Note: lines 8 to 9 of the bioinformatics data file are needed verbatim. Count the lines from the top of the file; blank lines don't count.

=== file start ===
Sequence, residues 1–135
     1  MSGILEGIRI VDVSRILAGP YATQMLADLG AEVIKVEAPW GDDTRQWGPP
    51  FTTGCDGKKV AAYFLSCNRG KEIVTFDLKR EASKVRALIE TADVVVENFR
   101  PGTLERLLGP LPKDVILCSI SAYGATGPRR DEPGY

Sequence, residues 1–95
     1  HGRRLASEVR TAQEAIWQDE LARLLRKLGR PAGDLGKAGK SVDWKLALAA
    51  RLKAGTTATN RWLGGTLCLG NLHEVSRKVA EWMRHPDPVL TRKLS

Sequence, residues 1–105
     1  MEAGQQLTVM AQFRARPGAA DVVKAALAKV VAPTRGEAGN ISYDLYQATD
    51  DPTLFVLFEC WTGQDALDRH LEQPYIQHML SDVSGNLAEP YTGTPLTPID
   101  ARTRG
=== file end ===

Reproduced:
Sequence, residues 1–105
     1  MEAGQQLTVM AQFRARPGAA DVVKAALAKV VAPTRGEAGN ISYDLYQATD